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Wednesday, August 4, 2021

Two new species of mammals identified in Australia

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Kuldeep Singh
Kuldeep is a Journalist and Writer at Revyuh.com. He writes about topics such as Apps, how to, tips and tricks, social network and covers the latest story from the ground. He stands in front of and behind the camera, creates creative product images and much more. Always ready to review new products. Email: kuldeep (at) revyuh (dot) com

Until now it was believed that the greater glider was a single species of marsupial, but a genetic study has revealed that it comprises three different

Genetic research has identified two new species of marsupials in Australia. Until now it was believed that there was only one species of the greater glider – a mammal capable of extending a membrane to ‘fly’ between the trees – but after analyzing samples taken throughout the oceanic country, scientists from the Australian National University, James Cook University, the University of Canberra and the Commonwealth Scientific Organization have concluded that there are three different ones.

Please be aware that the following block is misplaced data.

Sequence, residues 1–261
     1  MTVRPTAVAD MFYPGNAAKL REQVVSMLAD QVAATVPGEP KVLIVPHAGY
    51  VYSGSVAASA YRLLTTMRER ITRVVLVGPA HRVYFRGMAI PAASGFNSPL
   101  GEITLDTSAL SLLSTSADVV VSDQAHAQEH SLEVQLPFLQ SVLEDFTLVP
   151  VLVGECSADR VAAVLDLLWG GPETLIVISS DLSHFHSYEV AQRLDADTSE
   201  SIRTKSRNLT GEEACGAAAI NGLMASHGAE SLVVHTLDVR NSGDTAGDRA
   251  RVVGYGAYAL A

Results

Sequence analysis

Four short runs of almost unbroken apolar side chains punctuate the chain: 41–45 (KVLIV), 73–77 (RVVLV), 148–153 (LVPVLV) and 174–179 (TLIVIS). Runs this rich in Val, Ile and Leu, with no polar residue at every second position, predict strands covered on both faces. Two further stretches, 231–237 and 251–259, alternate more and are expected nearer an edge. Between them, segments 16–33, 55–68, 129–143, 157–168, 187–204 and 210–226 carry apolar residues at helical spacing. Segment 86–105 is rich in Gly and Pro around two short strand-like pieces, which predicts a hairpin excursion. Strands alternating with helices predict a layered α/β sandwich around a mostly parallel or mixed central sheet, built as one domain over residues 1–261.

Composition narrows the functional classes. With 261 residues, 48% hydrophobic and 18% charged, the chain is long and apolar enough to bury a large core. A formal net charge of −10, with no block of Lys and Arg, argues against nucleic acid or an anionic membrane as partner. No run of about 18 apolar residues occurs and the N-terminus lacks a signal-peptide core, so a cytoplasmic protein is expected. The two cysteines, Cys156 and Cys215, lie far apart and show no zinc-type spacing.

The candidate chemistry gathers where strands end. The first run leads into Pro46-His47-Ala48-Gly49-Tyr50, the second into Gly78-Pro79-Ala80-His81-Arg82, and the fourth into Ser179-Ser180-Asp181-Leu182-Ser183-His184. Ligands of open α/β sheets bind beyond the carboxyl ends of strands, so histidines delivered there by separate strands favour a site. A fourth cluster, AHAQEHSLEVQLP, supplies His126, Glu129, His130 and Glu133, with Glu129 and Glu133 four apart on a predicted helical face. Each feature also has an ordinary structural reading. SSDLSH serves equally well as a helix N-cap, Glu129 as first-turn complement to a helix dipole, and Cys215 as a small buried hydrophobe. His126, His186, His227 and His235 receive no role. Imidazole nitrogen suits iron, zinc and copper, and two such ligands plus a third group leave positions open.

All of them are about the size of a cat, are nocturnal and have fluffy fur that gives them the appearance of stuffed animals. They feed on eucalyptus leaves and are capable of gliding up to 100 meters using their tail as a rudder. 

However, the differences in size and physiology between some specimens and others made biologists suspicious. After sequencing their DNA, it can be stated that Petauroides minor and Petauroides armillatus are not subspecies of Petauroides volans. The former has a smaller skull and lighter fur, while the latter appears to have a more pronounced muzzle and larger, more rounded ears.

“Australia’s biodiversity has become much richer. New mammals are not confirmed every day, let alone two new mammals,” celebrates Professor Andrew Krockenberger of James Cook University. 

The counterpart is that there is even more concern about the conservation of one of the gliders, whose survival was already threatened by logging, forest fires and global warming. 

“This also means that we know next to nothing about those other two species. If we don’t start to solve these clues, we could end up losing them,” in Yougentob’s words.

“The knowledge that there is now genetic support for multiple species, with distributions that are much smaller than the range of the previously recognised single species, should be a consideration in future conservation status decisions and management legislation”

Dr Youngentob concludes.

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